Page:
Andrew Richardson

Chuck Davis photo
  • Assistant Professor of Organismic and Evolutionary Biology
  • Assistant Curator of Vascular Plants
  • Contact
  • OEB Faculty page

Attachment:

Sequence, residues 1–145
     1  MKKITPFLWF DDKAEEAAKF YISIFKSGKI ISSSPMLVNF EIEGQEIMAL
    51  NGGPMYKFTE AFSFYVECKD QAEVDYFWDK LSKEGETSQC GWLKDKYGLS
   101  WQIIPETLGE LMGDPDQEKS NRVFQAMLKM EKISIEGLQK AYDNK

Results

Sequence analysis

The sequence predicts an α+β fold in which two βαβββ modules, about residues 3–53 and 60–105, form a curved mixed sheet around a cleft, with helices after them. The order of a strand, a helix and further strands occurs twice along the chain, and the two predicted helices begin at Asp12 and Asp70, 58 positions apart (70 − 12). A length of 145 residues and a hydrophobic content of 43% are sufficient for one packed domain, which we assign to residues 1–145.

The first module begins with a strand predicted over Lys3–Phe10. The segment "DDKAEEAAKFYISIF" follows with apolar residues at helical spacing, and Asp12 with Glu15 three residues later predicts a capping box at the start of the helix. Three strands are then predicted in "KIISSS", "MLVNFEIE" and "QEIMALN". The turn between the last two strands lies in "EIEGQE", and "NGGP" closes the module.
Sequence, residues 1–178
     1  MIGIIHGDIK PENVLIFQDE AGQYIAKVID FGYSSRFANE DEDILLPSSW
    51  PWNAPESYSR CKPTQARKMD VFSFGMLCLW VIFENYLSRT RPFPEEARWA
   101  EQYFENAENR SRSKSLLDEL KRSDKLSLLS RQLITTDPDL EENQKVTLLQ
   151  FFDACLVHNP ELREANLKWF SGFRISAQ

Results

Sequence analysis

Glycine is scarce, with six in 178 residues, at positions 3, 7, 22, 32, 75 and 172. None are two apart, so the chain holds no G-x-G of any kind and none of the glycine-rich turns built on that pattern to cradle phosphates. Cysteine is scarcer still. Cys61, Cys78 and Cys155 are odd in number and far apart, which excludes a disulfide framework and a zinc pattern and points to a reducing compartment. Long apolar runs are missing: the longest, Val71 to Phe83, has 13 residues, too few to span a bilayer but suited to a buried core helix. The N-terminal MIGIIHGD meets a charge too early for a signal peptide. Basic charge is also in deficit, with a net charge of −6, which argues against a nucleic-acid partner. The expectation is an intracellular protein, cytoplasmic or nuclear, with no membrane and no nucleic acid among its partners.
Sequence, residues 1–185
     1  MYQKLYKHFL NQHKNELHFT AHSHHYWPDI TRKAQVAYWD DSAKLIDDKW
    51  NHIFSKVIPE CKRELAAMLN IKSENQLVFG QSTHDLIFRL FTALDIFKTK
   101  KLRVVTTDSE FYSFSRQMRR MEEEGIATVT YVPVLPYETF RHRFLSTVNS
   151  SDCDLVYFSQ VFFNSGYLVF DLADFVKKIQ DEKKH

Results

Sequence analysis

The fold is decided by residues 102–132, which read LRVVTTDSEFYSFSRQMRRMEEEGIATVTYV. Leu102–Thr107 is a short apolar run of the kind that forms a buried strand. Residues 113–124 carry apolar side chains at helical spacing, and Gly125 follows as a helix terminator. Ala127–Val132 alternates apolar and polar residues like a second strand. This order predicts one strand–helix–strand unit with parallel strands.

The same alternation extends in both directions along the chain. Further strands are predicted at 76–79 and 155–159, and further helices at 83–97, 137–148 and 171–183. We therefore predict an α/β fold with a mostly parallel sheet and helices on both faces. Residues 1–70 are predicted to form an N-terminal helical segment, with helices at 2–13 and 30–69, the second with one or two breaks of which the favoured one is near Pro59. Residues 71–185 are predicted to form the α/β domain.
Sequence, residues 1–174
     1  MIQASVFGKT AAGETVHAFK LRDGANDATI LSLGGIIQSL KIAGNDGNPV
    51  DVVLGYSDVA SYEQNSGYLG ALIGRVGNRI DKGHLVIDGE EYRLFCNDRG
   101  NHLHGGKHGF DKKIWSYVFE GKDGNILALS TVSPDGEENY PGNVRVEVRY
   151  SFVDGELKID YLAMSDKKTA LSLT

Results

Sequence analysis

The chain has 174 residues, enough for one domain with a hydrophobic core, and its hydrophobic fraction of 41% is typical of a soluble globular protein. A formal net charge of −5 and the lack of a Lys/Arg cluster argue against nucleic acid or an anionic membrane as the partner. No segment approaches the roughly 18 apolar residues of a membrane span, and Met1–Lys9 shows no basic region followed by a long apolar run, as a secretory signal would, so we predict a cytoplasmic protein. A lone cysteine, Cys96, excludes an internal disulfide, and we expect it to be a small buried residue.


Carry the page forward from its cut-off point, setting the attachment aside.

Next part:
Using tools from physiological ecology, biometeorology, and quantitative modeling, my research is directed at answering basic questions in global change ecology. I am particularly interested in broad questions related to carbon cycling in temperate forests, such as "what factors affect spatial and temporal variation in carbon uptake and release at different time scales", "what are the relative contributions of above- and below-ground processes to this exchange?", and "how might these patterns change in the future?" I combine tower-based measurements of forest-atmosphere CO2 exchange with soil respiration, forest inventory, phenology, tissue chemistry, meteorological, and remote sensing data, together with models of varying complexity using inverse modeling ("data-model fusion") approaches. Since 2004, I have operated an eddy flux tower at the Bartlett Experimental Forest (White Mountains, New Hampshire), and I am also actively involved in research at the Howland Forest (northern Maine) AmeriFlux site and both the Hubbard Brook and Harvard Forest LTERs. In addition, I coordinate a regional phenological network ("PhenoCam") that uses digital webcams to provide continuous monitoring of canopy phenology at research sites across the northeastern United States and adjacent Canada.